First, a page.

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South Korea Fines Google for Abusing Smartphone Dominance

South Korea Fines Google for Abusing Smartphone Dominance

South Korea fined Alphabet Inc.’s Google $177 million for hampering the development of rivals to its Android operating system, sustaining a campaign targeting the U.S. search giant’s dominance in smartphone software.


Regulators accuse Google, whose mobile operating system powers more than 80% of smartphones around the world, of using its immense bargaining power to squeeze out the competition. The Korea Fair Trade Commission said Google’s anti-fragmentation agreements (AFA) with manufacturers like Samsung Electronics Co. and LG Electronics Inc. prevented gadget makers from developing or using modified versions of the Android OS. The watchdog banned Google from forcing manufacturers to sign AFA contracts and ordered that it modify existing ones.


Korea in August became the first country to pass a law forcing Apple Inc. and Google to open up their app stores to outside payment systems, setting a potentially radical precedent for their lucrative operations everywhere from India to the U.S. That bill becomes effective Sept. 14, the Korea Communications Commission said in a statement. Tuesday’s 207.4 billion won fine is one of the highest levied in the country over abuse of market dominance, with only Qualcomm Inc.’s mobile chipsets drawing higher sanctions.


Google responded by saying Android has accelerated innovation -- including among Korean companies -- and improved the user experience, and that it will appeal the decision. “The KFTC’s decision released today ignores these benefits, and will undermine the advantages enjoyed by consumers,” the company said in a statement.


Read more: Google, Apple Forced to Open App Store Payments by S. Korea

“It shows the KFTC is taking action after years of sitting on the fence,” said Tom Kang, research director at Counterpoint. “It has made the verdict that Google enjoys monopoly power so the regulator will continue to monitor and fine the company and other internet giants like it. It’s a big win for increased competition.”


The new measures from the KFTC are intended to spur competition by freeing companies to create so-called forks of Android -- versions built from the same basic building blocks but modified to suit the manufacturer’s aims, such as targeting different device classes or use cases -- without fear of punitive measures from Google.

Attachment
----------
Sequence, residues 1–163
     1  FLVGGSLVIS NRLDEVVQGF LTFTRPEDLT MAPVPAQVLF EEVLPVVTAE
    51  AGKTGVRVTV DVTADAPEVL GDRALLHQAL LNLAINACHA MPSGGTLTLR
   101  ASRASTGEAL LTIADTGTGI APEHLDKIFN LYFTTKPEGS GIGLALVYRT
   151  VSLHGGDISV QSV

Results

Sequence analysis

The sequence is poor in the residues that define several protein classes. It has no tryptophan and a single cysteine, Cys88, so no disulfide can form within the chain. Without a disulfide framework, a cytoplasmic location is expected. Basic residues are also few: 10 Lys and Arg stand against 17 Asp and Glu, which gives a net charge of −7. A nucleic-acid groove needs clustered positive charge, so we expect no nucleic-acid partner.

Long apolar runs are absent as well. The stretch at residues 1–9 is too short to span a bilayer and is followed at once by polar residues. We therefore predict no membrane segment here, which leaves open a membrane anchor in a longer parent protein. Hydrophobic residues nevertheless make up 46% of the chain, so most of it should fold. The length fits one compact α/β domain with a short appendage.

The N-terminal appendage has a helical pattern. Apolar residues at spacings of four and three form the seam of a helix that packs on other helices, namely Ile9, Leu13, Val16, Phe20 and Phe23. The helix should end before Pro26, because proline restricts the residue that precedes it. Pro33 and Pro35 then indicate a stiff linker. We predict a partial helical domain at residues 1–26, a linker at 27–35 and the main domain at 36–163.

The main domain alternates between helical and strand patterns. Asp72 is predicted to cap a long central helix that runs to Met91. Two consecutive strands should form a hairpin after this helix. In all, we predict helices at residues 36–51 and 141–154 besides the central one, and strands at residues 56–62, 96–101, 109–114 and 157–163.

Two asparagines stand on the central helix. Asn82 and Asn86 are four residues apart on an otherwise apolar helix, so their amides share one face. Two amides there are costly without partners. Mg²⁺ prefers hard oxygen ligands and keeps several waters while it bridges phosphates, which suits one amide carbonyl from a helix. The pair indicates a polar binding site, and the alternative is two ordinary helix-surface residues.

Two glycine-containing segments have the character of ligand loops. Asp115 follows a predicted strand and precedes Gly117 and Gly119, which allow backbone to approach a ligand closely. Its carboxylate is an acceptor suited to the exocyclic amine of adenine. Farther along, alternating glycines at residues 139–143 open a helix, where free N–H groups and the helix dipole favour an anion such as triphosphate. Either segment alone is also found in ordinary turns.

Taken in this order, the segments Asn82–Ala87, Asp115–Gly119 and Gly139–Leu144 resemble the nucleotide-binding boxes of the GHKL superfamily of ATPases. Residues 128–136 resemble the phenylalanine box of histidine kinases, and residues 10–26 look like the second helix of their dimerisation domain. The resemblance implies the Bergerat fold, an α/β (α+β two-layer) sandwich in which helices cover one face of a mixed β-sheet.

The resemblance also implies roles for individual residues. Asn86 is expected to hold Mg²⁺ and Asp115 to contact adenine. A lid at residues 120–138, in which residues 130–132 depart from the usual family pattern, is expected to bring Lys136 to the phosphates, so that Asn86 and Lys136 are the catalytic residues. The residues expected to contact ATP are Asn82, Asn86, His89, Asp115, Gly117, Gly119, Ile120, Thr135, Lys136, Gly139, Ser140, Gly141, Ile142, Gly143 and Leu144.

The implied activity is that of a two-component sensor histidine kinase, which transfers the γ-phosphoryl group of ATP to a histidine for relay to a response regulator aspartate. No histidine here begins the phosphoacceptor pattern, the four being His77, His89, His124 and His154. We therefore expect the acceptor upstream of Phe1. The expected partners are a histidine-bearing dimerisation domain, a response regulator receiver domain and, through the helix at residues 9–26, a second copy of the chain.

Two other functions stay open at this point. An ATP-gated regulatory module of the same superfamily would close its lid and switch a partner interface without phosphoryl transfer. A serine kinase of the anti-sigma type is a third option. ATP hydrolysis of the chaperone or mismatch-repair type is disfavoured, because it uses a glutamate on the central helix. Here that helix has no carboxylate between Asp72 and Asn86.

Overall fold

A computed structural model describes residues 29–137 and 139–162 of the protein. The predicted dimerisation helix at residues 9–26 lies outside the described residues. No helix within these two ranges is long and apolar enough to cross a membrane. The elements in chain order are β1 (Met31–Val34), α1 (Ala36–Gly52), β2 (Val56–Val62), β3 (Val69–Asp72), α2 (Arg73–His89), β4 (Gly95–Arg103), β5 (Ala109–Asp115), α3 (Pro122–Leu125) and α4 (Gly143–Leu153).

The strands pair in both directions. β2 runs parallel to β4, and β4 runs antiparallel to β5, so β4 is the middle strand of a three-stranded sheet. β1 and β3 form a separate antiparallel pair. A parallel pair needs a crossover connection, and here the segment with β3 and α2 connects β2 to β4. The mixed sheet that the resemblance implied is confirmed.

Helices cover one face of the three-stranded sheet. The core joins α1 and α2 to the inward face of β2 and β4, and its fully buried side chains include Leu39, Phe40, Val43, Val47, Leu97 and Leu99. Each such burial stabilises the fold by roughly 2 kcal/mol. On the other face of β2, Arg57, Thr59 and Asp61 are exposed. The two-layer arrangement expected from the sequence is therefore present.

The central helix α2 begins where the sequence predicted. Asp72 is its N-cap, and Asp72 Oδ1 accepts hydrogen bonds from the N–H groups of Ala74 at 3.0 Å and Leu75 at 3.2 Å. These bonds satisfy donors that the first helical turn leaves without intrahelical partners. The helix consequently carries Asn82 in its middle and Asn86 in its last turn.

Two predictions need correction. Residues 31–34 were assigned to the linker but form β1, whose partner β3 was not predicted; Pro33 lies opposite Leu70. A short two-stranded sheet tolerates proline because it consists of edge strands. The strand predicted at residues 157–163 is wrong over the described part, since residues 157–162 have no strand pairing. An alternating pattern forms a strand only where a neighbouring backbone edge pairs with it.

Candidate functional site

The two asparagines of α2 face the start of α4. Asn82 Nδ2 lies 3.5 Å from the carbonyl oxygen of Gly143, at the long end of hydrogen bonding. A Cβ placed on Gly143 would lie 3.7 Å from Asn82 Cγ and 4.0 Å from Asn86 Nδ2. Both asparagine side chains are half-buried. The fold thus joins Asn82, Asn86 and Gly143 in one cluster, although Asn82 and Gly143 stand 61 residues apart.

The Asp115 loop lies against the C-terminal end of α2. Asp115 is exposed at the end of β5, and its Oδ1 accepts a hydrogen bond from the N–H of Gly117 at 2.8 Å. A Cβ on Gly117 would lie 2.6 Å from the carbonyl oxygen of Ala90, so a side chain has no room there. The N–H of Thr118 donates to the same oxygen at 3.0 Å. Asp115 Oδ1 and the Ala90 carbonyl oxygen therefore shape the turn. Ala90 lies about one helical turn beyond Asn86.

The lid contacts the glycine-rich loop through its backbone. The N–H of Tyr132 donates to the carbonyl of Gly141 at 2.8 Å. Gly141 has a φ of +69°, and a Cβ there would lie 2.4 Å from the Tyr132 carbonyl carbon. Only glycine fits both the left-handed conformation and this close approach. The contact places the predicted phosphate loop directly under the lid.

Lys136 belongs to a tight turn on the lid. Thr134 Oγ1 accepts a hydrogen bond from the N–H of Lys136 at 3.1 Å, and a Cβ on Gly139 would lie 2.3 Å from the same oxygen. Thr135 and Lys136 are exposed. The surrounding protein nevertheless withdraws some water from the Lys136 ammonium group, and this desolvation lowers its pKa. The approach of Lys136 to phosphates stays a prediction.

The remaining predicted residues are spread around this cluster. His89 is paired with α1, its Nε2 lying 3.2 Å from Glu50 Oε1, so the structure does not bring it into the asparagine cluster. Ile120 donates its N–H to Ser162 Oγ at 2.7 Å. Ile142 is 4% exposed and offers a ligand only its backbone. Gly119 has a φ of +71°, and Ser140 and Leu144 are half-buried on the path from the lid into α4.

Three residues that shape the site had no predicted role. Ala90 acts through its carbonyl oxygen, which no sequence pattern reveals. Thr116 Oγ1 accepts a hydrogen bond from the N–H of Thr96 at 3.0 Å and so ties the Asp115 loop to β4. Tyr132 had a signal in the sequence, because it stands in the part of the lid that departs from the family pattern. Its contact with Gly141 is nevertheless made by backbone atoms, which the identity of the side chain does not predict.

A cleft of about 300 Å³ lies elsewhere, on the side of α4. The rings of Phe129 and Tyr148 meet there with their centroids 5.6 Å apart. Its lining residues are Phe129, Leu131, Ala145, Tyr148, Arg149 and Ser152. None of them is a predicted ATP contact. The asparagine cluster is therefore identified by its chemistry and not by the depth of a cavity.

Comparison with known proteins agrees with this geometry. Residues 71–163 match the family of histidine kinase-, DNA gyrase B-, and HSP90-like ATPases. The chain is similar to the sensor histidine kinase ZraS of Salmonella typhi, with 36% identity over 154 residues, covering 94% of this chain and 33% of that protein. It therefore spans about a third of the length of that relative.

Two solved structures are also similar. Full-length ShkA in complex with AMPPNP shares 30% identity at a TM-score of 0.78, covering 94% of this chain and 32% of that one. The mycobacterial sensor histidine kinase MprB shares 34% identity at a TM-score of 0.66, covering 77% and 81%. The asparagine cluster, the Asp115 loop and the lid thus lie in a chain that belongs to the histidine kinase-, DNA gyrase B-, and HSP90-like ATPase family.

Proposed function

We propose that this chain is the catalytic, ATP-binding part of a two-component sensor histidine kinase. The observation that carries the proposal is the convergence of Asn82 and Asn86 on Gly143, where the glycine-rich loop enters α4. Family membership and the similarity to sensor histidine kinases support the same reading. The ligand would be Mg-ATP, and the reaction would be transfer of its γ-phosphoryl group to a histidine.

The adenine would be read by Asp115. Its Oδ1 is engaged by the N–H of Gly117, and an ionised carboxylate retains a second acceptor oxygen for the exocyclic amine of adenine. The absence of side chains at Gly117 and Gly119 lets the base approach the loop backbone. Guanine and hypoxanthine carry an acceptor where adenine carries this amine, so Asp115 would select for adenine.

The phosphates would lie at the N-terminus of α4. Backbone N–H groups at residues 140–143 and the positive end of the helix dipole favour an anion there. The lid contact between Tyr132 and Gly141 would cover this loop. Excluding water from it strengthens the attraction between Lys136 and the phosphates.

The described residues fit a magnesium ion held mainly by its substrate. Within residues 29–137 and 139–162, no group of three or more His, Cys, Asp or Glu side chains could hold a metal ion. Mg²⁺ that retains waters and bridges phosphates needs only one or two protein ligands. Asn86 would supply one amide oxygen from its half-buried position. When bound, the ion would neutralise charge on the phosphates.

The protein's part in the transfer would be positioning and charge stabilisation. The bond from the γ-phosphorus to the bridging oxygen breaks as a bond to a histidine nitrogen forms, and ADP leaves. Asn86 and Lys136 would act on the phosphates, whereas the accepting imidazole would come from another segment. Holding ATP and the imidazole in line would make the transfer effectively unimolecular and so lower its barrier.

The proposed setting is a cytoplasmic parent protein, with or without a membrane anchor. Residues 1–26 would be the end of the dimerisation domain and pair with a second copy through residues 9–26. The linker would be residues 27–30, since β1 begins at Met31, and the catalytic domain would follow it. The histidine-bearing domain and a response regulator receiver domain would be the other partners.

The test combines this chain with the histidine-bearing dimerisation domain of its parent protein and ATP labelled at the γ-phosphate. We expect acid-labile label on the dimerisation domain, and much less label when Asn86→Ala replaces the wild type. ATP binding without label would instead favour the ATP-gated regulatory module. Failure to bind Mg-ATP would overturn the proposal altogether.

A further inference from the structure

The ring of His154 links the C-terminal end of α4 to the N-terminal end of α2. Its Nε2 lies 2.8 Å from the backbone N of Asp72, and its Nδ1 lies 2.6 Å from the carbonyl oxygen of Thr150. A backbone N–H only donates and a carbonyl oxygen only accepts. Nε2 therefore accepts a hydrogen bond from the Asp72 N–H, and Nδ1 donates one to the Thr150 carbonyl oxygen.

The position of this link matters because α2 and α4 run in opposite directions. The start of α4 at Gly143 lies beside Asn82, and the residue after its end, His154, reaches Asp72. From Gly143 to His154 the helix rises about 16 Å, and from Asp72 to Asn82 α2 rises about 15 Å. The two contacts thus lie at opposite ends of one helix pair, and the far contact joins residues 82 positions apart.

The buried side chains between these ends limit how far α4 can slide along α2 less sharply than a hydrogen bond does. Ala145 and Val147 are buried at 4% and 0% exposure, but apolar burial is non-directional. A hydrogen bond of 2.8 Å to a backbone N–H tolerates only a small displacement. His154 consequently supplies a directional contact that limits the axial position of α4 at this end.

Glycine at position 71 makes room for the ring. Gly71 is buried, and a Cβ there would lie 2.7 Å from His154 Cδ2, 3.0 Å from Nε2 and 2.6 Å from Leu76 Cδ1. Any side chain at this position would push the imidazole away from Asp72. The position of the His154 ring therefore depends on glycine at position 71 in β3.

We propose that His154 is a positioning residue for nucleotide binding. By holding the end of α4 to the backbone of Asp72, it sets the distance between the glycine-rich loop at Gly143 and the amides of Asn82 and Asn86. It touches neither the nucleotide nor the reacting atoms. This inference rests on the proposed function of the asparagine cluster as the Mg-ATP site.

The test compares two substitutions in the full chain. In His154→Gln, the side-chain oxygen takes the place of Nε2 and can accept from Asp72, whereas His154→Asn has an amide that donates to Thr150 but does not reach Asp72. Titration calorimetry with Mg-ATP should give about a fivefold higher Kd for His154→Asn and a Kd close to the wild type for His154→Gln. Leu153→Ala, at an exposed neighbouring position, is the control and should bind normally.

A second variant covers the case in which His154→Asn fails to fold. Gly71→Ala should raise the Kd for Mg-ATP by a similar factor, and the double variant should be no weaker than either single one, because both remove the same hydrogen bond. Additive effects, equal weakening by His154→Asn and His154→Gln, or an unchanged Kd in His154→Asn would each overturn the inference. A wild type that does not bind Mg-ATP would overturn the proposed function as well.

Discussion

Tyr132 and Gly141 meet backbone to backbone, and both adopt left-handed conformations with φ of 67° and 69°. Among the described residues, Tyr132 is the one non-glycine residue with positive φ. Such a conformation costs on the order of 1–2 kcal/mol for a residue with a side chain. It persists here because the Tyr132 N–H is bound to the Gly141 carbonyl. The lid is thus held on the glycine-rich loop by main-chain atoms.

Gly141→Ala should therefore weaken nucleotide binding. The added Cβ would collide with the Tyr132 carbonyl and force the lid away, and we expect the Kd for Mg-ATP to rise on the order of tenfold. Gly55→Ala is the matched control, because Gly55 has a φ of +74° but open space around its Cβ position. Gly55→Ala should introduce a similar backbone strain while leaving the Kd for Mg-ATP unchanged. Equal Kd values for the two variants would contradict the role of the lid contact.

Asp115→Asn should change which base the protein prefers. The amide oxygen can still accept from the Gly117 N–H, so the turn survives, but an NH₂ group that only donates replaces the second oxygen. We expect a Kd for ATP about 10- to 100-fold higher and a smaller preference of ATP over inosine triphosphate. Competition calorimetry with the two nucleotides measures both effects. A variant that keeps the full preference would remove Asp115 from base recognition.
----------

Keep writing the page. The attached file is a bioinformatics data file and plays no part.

“The Fair Trade Commission’s action was not limited to mobile devices, but corrective measures included emerging smart device-related areas such as smart watches and smart TVs,” Chairperson Joh Sung-wook said in a briefing on Tuesday. “Therefore, we expect that new innovations will occur as some competitive pressures in this area are activated.”


Korean regulators have stepped up scrutiny of tech giants this year, including of local players. Kakao Corp.’s group of companies lost more than $16 billion of market value at one point this month after prominent lawmakers called the nation’s biggest messaging and social media service “a symbol of greed.” Consumer protection has been a focal point of measures designed to curb the market-control powers of the largest companies, especially in developing spheres such as fintech services.


The market dominance of Google in the mobile arena has solidified as a result of the tech giant’s obstruction of competitors, the Korean regulator said. Amazon.com Inc. and Alibaba Group Holding Ltd. failed to launch mobile OS businesses while Samsung and LG were not able to release devices such as smartwatches and speakers with new services on time due to Google’s obstruction, according to the Commission. Separately, the KFTC is investigating three other cases related to Google and competition restrictions in its Play Store app market, in-app purchases and the advertisement market.


Source: Yahoo/finance 


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